Our tutorial app shows you how to use Services to:
There are two parts to the tutorial: Part 1 shows you how to use a simple Service and Part 2 shows you how to use a foreground Service.
Services are app components that you can use to do work in the background. They don’t have a User Interface.
They are started and stopped by other components (like Activities, Broadcast Receivers and other Services).
You can also share Services with other apps.
Have you read the article on Processes and Threads yet?
Always remember the two most important rules when working with threads:
Speed up your apps response times. Move all processing and I/O operations off the main thread. Do the work in a child thread. Our tutorial will show you how.
All Android apps run in their own process and by default, in a single thread.
Android follows a multitasking design. This allows a number of applications to run at the same time. The problem is that all these apps need memory which is in short supply.
We only have one activity in our app. It hosts the fragments.
If you haven't already done so, have a look at :
We’re using the support library so make sure that you import the correct class:
Our tutorial app has one activity and two fragments. One fragment contains a list and the other an image.
Running the app on a small device in portrait mode, displays the list fragment. Selecting an item in the list displays the second fragment containing an image.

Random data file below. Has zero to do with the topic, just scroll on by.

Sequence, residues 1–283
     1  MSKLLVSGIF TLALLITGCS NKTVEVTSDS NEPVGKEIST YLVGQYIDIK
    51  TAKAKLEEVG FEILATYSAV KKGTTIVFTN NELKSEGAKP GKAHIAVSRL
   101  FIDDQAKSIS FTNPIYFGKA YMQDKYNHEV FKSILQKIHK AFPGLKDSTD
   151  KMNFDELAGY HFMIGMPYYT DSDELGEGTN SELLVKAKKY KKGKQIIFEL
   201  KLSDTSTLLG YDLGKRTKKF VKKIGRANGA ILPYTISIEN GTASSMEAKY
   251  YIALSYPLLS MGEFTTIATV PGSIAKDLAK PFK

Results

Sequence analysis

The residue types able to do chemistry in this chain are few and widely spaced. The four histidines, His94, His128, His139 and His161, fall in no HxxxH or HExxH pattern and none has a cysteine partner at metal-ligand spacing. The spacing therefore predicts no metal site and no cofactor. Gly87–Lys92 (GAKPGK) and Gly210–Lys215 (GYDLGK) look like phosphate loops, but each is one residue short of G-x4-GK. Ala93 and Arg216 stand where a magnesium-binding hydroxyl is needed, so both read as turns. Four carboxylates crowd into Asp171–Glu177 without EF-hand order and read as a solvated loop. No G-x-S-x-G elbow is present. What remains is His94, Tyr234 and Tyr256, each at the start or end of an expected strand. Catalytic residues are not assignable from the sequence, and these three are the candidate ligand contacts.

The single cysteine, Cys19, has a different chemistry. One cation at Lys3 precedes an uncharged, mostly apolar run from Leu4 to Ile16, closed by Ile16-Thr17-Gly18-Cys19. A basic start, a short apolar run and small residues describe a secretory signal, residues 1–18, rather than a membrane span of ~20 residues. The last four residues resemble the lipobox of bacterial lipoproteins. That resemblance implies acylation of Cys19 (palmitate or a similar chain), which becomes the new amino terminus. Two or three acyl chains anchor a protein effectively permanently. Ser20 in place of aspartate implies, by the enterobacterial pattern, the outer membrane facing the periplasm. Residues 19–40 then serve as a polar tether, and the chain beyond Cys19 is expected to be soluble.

Flipping the device to landscape displays both fragments side by side.
Running the app on a tablet displays the fragments side by side in both portrait and landscape mode.
Think of components like buttons and images. You can reuse them over and over in different activities. You can also rearrange them within an activity.
Fragments are similar.
Fragments let you divide your activity into reusable components which have their own User Interface and lifecycle.
The data that is saved by the system to restore the previous state of an activity is called the Instance State. This data is saved as a collection of key/value pairs in a Bundle object.
When an activity is paused or stopped, its state is kept in memory. When the activity resumes, it is restored from memory.
When the activity is destroyed, it loses all information about its state. When the activity is restarted, it is created from scratch. It is a new activity.